He sat down by my bed-side, and, holding my hand, said, I have indeed had too much reason for it: but I know the sweetness of your disposition, my own Eusebia, and am persuaded that the sense you have always had of your duty to God, to his church, and to your parent, will be more than sufficient to make you return to the true religion. It was a kind providence that your sister found your letters : you might otherwise have continued longer in your wandering from the fold of Christ, and have been thereby hardened in your apostacy. Many sheep have strayed from the right ways of God, and yet been brouglit back again. Father Albino has wept as if you had been his own child. The tenderness with which he loved you, and with which we all loved you, is inexpressible. The venerable man declares, that his own soul is not dearer to him than the souls of his three children; but that his Eusebia was the last he should have suspected of falling into heresy.

I desire no favour, Sir, rcplied I, if I am guilty of heresy. A heretic I humbly conceive, is one who departs from the truth delivered by the holy Spirit through the medium of the apostles and prophets. I cannot be a heretic ; for I reject no article of divine truth.

I have not read the letters, said my father, which have passed between you and your friends. But your sister and father Albino, who have read several of them, declare that you are as great a heretic as Luther and Calvin.

That is possible, Sir, replied. I; and yet I may be no heretic after all. We ought not to judge according to notions, which we have embraced merely because our ancestors held them; but we ought to judge righteous judgment. It grieves me to the heart, my dear father, to hear you give that name to persons who stand in the divine presence. To speak against the servants of Jesus, is to speak against him.

My father and sister seemed astonished beyond measure. My child, cried my father, you amaze me. I

should as soon believe that Satan and all his angels were in heaven, as those two arch-heretics. Were not those emissaries of the wicked one the means of rending the seamless coat of Christ ? And what has been the consequence ? Just what might have been expected. Those who left the holy catholic apostolic church have received the just reward of their iniquity, in the divisions and subdivisions into which they have been crumbling from that time to this. O my love (taking hold of my hand) you need only look at the lives of those who are divided from us, in order to know what kind of reformation that of Luther and Calvin was. ,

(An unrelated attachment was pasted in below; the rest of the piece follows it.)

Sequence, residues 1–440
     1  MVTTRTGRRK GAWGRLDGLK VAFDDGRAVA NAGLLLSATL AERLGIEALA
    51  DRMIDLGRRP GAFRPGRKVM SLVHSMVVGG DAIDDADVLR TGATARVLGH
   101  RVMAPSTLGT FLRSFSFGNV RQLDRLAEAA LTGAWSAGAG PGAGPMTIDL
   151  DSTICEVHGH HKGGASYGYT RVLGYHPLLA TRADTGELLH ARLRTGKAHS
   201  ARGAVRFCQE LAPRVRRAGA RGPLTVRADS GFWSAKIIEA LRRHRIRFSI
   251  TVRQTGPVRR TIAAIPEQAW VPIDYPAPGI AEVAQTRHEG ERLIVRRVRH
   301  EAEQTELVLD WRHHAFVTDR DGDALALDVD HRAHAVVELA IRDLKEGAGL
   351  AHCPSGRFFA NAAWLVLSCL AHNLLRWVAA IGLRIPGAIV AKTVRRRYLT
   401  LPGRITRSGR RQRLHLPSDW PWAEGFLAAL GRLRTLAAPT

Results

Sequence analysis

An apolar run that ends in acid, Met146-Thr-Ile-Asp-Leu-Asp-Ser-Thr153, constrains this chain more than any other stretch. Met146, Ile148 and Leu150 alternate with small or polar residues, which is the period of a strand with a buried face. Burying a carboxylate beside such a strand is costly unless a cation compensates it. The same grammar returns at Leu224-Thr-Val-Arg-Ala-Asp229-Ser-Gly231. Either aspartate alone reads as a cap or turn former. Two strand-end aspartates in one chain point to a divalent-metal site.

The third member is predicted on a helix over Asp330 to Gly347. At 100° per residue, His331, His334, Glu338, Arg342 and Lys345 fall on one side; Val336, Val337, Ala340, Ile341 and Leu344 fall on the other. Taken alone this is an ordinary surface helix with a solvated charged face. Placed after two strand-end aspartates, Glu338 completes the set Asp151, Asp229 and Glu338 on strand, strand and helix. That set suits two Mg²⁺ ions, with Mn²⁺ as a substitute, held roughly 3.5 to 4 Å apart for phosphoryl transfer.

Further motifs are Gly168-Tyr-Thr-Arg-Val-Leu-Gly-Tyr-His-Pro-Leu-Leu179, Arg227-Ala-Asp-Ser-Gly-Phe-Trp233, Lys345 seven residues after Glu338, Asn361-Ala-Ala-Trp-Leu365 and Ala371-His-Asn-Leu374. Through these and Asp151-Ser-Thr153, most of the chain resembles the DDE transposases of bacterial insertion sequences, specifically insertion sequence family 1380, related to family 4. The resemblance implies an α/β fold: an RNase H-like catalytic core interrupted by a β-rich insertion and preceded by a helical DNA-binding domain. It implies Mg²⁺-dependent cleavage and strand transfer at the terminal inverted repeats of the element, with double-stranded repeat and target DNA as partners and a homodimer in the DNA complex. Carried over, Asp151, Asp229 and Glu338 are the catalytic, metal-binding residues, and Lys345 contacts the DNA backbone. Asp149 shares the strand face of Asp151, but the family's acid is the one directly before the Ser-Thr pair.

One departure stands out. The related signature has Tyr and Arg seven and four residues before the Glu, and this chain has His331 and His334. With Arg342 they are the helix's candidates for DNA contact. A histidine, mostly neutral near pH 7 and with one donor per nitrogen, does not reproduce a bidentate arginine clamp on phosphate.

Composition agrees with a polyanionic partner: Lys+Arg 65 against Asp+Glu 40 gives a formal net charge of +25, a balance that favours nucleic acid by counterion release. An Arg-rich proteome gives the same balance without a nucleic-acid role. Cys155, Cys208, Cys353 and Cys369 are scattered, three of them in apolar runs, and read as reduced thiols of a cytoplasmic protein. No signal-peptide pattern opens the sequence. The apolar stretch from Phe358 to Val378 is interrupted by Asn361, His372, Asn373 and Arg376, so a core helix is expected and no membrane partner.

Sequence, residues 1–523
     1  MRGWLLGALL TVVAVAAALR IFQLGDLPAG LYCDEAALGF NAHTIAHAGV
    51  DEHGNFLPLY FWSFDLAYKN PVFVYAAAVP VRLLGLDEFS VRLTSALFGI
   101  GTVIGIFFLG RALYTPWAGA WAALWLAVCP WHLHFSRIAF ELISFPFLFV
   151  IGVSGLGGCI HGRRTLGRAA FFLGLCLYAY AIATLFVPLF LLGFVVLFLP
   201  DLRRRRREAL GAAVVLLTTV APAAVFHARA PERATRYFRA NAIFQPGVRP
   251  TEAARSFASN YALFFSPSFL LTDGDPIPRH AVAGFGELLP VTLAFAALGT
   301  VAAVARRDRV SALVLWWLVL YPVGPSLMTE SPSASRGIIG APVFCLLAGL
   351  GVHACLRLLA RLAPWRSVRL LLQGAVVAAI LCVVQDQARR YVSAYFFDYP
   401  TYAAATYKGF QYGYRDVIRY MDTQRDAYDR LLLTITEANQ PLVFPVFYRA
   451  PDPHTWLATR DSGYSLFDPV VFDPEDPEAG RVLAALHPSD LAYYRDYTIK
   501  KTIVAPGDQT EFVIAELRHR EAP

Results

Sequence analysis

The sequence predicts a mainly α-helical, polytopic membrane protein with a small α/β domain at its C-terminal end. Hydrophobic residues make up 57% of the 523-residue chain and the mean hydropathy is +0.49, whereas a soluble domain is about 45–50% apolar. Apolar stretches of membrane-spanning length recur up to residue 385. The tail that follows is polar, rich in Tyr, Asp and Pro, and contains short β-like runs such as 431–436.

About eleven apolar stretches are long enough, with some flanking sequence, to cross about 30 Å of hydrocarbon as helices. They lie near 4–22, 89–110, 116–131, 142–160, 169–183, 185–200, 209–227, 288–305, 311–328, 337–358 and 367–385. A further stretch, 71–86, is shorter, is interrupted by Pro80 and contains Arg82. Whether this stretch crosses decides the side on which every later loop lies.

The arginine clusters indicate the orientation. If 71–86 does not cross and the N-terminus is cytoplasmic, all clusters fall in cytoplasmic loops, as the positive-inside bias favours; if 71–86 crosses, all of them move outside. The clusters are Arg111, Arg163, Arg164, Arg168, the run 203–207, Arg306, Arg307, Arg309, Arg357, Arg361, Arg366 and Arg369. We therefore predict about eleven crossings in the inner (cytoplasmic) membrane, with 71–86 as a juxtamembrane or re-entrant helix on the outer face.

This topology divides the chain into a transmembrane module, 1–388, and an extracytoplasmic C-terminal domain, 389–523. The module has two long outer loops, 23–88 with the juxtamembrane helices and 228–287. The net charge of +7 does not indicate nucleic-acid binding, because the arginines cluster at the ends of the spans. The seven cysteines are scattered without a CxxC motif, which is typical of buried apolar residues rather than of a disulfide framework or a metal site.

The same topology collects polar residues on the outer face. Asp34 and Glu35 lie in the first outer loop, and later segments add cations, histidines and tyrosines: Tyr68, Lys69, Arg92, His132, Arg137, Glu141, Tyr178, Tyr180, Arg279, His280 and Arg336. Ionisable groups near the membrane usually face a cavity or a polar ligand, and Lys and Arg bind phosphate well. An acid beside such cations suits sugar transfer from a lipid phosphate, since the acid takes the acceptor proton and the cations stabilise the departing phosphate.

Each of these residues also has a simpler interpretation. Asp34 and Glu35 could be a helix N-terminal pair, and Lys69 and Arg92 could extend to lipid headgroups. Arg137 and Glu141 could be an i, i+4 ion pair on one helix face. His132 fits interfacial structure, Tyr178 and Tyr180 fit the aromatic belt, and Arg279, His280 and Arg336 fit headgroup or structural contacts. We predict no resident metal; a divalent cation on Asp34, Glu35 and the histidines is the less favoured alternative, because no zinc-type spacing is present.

I acknowledge, my dear father, replied I, that protestants in general appear to be restitute of the fear of God : but that is no prool that all protestants are so. As to their being called by different names, I look upon that to be no evil at all, any more than that the seven churches of Asia were called by different names. It does not follow, because different societies of Christians are unconnected with each other, that therefore the church of God is divided. If Christians adhere to divine truth, though they be scauered in a hundred different countries, they are all one in Christ Jesus : and, on the contrary, if they have departed from it, they are not the churches of Christ, however they may be united.

Churches of Christ, child ? cried my father; there can be but one church of Christ. "Does not the spouse in the Canticles say, My dove, ny undefiled is but one? And is not the church this one church, terined by the apostle St. Paul, the pillar and ground of the truth? Now if any church except the holy Roman church, can lay claim to these characters, tell me which of the numberiess sects and par. ties it is?

I bless God, and I thank you, Sir, said I, that you will hear your child. In answer to what you have said, I acknowledge that the church of Christ is one church, and that this church is called the pillar and ground of the truth. It is so called, because every member of it both supports the truth, and is burit upon it. But if it be asked, whether the church of Rome, of England, or of Geneva, is this churchi, I answer, None of them. If it be further asked, whether any particular congregation of protestant dissenters is this church, I'must sull answer, No. The one uni